Harriet Mann Miller

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Harriet Mann Miller
Portrait of Olive Thorne Miller.jpg
Harriet Mann Miller
Born (1831-06-25)June 25, 1831
Auburn, New York
Died December 25, 1918(1918-12-25) (aged 87)
Los Angeles, California
Pen name Olive Thorne Miller
Nationality American
Subject nature, birds

Harriet Mann Miller (25 June 1831–25 December 1918) was an American naturalist, ornithologist and children's writer.

Career overview[edit]

Harriet was the eldest of four children born to Seth Hunt Mann and Mary Field (Holbrook) Mann in Auburn, New York on 25 June 1831.[1] Miller began writing in childhood.[1] When Harriet was eleven years old, the Mann family moved to Ohio, where she attended private schools for five years.[2]

In 1854 she married Watts Todd Miller, and the couple would have four children. From 1858 and 1869 she put aside writing in order to raise her children.[3] The couple lived in Chicago, Illinois, and after about 1875, in Brooklyn, New York.[1]

Miller's first article for children, on the making of china, was published in 1870. She went on to publish 375 articles in religious weeklies and other publications, among them Harper's Weekly, St. Nicholas Magazine, and The Chicago Tribune.[4] Her first book about nature, Little Folks in Feathers and Fur, and Others in Neither, appeared in the mid-1870s.[1] Her first use of the pseudonym Olive Thorne Miller was in 1879.[1][5]

In 1880 she became an avid bird watcher, introduced to the study of birds by Sara A. Hubbard, director of the Illinois Audubon Society.[3][4][6] Miller studied captive birds, as well as birds in the wild in a series of field trips across the country during the period 1883–1903.[7] The first of eleven bird-related books, Bird Ways, appeared in 1885.[7] In addition to writing on birds and their behavior, she contributed to the journal of the Audubon Society.[8] She was a proponent of the movement to prevent hunting of birds for use of their plumes in the millinery trade.[8] In 1901, along with Mabel Osgood Wright and Florence Merriam Bailey, Miller became one of the first three women raised to elective membership in the American Ornithologists' Union.[9]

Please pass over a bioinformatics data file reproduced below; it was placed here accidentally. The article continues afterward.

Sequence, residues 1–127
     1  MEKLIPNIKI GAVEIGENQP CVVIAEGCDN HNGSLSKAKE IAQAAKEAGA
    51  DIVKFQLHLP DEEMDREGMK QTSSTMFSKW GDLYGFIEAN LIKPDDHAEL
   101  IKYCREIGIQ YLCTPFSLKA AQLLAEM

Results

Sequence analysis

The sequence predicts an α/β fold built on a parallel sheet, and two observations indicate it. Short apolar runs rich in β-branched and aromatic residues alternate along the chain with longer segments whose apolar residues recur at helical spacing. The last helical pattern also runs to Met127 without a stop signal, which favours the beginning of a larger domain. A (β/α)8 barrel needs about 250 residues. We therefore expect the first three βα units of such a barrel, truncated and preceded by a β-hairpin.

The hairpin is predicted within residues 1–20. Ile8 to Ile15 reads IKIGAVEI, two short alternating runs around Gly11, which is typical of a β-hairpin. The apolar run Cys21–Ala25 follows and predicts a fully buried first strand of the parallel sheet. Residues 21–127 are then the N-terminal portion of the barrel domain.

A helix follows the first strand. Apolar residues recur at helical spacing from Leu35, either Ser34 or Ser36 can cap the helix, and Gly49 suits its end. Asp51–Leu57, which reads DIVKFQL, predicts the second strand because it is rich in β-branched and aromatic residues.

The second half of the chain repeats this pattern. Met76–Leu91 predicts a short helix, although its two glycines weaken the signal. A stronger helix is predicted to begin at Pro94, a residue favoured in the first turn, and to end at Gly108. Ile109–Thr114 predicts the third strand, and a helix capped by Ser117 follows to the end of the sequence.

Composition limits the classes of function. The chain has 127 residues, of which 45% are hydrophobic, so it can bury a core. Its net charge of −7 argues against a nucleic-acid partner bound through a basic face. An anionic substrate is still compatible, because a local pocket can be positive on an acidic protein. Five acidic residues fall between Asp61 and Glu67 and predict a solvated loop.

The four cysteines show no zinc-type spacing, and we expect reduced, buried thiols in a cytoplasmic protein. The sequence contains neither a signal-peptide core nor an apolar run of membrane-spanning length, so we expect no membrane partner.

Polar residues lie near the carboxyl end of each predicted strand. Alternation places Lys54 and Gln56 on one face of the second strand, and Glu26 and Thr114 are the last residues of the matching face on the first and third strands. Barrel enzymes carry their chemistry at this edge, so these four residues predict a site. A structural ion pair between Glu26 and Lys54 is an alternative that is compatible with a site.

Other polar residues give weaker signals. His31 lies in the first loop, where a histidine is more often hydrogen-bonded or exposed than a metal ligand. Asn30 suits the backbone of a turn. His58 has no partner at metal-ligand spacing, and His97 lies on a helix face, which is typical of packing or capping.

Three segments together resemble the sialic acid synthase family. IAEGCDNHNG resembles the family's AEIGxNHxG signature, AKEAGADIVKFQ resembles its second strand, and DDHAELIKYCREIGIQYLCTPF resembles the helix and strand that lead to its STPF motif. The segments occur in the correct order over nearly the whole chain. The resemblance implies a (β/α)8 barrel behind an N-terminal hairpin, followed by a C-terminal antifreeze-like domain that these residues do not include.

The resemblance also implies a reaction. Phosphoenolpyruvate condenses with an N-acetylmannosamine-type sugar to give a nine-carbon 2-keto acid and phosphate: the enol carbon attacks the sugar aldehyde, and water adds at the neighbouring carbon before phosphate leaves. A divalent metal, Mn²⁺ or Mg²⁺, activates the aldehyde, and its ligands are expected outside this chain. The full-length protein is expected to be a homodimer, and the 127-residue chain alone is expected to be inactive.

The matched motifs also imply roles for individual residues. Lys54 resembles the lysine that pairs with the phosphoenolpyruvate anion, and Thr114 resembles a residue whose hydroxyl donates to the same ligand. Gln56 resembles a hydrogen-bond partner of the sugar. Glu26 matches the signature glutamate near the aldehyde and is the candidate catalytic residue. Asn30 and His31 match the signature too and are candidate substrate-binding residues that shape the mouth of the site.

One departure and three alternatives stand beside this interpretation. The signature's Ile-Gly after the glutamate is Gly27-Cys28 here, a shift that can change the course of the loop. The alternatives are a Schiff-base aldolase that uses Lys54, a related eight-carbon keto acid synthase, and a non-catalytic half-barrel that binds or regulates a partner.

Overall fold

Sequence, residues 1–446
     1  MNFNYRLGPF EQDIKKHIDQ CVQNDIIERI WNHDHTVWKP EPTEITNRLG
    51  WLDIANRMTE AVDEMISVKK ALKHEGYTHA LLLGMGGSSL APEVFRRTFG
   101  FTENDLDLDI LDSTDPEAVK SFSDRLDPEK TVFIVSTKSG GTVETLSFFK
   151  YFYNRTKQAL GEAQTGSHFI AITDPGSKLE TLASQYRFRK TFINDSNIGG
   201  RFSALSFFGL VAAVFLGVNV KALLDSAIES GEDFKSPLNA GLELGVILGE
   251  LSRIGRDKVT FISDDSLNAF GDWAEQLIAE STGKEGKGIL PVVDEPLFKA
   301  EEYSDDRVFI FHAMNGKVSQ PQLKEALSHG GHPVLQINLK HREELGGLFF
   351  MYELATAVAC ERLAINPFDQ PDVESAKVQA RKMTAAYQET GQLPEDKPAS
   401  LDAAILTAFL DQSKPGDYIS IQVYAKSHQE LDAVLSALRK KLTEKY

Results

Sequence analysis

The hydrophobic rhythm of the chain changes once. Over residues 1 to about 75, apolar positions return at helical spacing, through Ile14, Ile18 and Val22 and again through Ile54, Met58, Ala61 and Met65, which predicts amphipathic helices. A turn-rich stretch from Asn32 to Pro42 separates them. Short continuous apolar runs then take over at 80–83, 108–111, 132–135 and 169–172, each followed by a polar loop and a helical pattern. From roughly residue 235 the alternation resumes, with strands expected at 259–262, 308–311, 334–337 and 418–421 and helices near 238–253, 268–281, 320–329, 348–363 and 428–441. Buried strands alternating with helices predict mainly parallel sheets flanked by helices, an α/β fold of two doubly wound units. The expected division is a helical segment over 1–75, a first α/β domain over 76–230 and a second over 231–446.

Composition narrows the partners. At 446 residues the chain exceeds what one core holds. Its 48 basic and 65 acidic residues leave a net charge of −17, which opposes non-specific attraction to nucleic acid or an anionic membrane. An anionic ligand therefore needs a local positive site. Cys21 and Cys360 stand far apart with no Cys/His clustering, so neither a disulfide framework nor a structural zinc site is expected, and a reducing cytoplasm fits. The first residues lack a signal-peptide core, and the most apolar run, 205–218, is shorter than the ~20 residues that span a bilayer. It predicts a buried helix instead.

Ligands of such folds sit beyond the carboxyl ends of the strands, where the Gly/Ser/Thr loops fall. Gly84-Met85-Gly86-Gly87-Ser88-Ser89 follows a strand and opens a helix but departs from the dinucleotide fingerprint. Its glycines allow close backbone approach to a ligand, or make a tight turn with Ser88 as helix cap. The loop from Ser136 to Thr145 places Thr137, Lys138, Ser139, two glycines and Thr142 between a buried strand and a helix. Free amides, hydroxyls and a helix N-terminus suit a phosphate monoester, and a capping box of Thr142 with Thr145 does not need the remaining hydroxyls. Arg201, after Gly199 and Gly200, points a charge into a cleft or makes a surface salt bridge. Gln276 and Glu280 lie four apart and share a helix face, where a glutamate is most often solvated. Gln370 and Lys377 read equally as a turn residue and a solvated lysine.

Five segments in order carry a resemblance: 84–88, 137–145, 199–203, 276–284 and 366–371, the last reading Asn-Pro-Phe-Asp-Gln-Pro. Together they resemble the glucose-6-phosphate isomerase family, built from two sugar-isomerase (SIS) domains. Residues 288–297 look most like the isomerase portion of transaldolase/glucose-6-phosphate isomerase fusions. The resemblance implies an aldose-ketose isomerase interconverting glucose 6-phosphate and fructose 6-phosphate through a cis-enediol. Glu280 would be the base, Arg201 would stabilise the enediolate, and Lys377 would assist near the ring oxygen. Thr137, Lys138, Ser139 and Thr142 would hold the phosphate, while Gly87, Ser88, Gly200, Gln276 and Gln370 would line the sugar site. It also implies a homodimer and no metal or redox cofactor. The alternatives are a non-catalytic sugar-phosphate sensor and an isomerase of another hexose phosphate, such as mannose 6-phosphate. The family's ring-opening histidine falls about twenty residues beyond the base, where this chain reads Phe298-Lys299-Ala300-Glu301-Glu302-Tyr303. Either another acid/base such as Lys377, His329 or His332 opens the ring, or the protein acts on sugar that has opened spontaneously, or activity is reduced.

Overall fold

Across her writing career, Miller produced an estimated 780 articles, one booklet on birds, and 24 complete books.[10] Her work was acknowledged by professional biologists for its highly accurate research and observation.[1]

After the death of her husband in 1904, Miller moved to Los Angeles, California.[3] Miller died in Los Angeles on 25 December 1918.[1]

Selected publications[edit]

Illustration by Charles Bevalet (originally from Ocean World : Being a Descriptive History of the Sea and its Living Inhabitants (1868) in Little Folks in Feathers and Fur, and Others in Neither

References[edit]

  1. ^ a b c d e f g Solomon, Geri E. (1997). "Miller, Harriet Mann". In Sterling, Keir B.; Harmond, Richard P.; Cevasco, George A.; Hammond, Lorne F. Biographical Dictionary of American and Canadian Naturalists and Environmentalists. Westport, CT: Greenwood Press. ISBN 0-313-23047-1. 
  2. ^ Bailey (1919), pp. 163–164.
  3. ^ a b c Ogilvie, Marilyn Bailey; Harvey, Joy D. (2000), The biographical dictionary of women in science, L – Z, 2, Taylor & Francis, p. 897, ISBN 041592040X. 
  4. ^ a b Bailey (1919), p. 165.
  5. ^ Anderson, Lorraine; Edwards, Thomas S. (2002), At Home on This Earth: Two Centuries of U. S. Women's Nature Writing, UPNE, p. 54, ISBN 1584651938. 
  6. ^ Weeks, Linton. "Hats off to women who saved the birds". NPR.org. National Public Radio. Retrieved 24 March 2016. 
  7. ^ a b Bailey (1919), p. 166.
  8. ^ a b Merchant, Carolyn (2005), The Columbia Guide to American Environmental History, Columbia University Press, p. 225, ISBN 0231505841. 
  9. ^ Sage, John H. (January 1902). "Nineteenth Congress of the American Ornithologists' Union" (PDF). The Auk. 19 (1): 64–69. doi:10.2307/4069208. Retrieved 10 July 2013. 
  10. ^ Bailey (1919), p. 168.

Bibliography[edit]


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